Upon reading the first page, I realized my mistake. Helter Skelter had been a biography. A third party depiction of what went on at Spahn Ranch with Manson and his girls. Emma Cline, however, offered up Evie Boyd. A girl who didn't look like much, but whose insecurity and loneliness would propel her into the arms of murderers. As the reader, I saw Evie's slow, but steady shift into chaos. I watched her life change from one of adolescent displeasure to outright rebellion. Even more, I saw the appeal the cult held for her.

One key difference from the stories told about Manson's cult and the fictional cult of Russell was that Evie wasn't lured in by the raw power and sexuality of the cult leader, but rather of one of the girls, Suzanne. Evie saw everything she wanted to be--desired, powerful, carefree, confident--wrapped up in a shabby bohemian dress and ratty hair. Her desire to be liked, to belong is not unusual in itself. It could easily be transplanted to a high school YA novel with Evie trying to get in with the popular kids. However, in this case, the popular kids are in a murderous cult.

The thing I found most surprising about The Girls was how much I related to Evie. Her almost crippling need to be liked, her desire to be extraordinary. Emma Cline told the truth of being an adolescent with brutal, disarming honesty. Evie really does represent the average 14-year-old girl, which makes the truth of this story so much more powerful. It's so comforting to believe you'd never be capable of murder, that you would have despised Manson/Russell and his band of merry followers. However, Evie shows how easy it is to become wrapped up in something so much more powerful than yourself. How easy it is to lose yourself in someone else.

You wanted things and you couldn’t help it, because there was only your life, only yourself to wake up with, and how could you ever tell yourself what you wanted was wrong?

Some readers complained about the small handful of pages that dealt with the murders. So, if your interest in The Girls begins and ends with the Manson-like murders they'll commit, this book is not for you. However, if you've ever asked yourself, "how could anyone have found themselves wrapped up with Charles Manson?" then this book is definitely for you. Emma Cline tells Evie's story so truthfully it's easy to forget she's a fictional character, rather than an ex-member of the real life cult.

We learn right away in the book that Evie didn't take part in the murders, but we see the way her involvement with the group haunts her well into adulthood. The way people view her as someone vastly different from themselves, capable of horrors. We also see the way Evie views herself. Still with a sharp eye for her own imperfections and faults, Evie must live her life wondering if she would have participated in the murders given the chance. Would she have stopped them or would her desire to belong have carried her into an act she could never take back?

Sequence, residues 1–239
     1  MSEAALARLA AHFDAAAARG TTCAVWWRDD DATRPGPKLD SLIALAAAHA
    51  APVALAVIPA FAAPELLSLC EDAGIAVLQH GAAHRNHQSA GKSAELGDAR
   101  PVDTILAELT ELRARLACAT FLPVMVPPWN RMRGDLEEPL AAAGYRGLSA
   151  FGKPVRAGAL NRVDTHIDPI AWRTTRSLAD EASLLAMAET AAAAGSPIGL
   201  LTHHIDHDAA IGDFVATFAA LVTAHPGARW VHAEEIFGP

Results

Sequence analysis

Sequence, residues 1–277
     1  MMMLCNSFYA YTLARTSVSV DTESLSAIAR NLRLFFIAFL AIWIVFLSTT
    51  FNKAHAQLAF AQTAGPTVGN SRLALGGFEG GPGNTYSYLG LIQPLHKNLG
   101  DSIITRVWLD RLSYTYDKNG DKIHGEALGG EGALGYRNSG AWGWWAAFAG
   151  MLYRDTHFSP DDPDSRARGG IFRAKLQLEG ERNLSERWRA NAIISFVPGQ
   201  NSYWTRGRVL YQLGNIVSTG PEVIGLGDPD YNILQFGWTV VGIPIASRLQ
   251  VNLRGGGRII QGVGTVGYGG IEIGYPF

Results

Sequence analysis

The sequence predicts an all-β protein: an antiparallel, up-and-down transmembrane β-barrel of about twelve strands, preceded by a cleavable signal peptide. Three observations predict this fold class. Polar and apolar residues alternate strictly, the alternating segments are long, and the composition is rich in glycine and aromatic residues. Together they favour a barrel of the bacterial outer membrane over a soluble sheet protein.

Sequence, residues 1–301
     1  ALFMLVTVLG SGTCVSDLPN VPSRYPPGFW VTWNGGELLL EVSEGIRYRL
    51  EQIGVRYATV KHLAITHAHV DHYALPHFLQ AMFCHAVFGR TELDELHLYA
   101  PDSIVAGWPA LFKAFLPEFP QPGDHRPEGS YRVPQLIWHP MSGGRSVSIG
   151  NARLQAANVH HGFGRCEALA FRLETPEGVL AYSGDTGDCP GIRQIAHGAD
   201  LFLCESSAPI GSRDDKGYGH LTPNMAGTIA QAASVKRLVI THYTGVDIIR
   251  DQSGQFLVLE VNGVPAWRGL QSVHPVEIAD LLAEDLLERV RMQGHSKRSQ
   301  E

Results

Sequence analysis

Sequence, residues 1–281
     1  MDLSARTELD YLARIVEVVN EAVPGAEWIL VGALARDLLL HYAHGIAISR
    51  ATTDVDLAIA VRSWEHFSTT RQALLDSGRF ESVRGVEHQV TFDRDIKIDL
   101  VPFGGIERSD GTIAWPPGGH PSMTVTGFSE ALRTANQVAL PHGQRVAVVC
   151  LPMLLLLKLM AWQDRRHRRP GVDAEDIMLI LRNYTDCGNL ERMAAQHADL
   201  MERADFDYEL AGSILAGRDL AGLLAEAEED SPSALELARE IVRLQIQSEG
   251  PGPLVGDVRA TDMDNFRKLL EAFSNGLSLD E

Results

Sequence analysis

The hatred that vibrated beneath the surface of my girl’s face—I think Suzanne recognized it. Of course my hand would anticipate the weight of a knife. The particular give of a human body. There was so much to destroy.

Happy Reading, 

Mallory

Mermaids by Patty Dann

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Despite what you may be thinking, Mermaids by Patty Dann is not about mermaids. It is the tale (get it, TALE...tail? Man, I'm funny) of Charlotte Flax, her mother--whom she calls Mrs. Flax, and her younger sister, Kate. Mrs. Flax dates around and, when the relationship sours, moves around. Charlotte and Kate are forced to relocate time and time again at the behest of their mother, when all Charlotte wants is to be a Saint and have her baby teeth be worshipped as Holy Relics. This information is presented in the first few pages and the books only gets more hilarious and quirky as it goes.

To be perfectly transparent, I knew the story of Charlotte Flax long before reading this book. You may or, as is more common, may not be aware that Mermaids was adapted into a film in 1990 starring Cher, Winona Ryder, Christina Ricci, and Bob Hoskins. I watched it at some point in my youth and absolutely fell in love. However, it wasn't until recently that I learned the novel even existed! So I bought the novel as soon as I could and devoured it (it's only 147 pages, so that didn't take long).

Now, having enjoyed the film and read the book, I can say without a doubt that the stories are identical. Very little was changed or left out in the adaptation from book to film, and I think that's because nothing needed to be changed. Patty Dann does a great job of conveying to the reader exactly who her characters are in one sentence. For instance, the novel opens with the line, "Mrs. Flax was happiest when she was leaving a place, but I wanted to stay put long enough to fall down crazy and hear the Word of God." It is rare to come across a first line that perfectly encapsulates the tone of a novel and its characters.

As lovely and fun as the book was, there were times where I felt the author could have gone into more detail. Patty Dann's direct style of narration provided enough detail to set the scene, but she rarely lingered and it caused the book to feel a little hectic at times. However, the characters that people this book and the setting Dann placed them in are vivid enough to overlook this issue. Mermaids may not have any actual mermaids, but it is a magical read all the same.

Happy Reading,

Mallory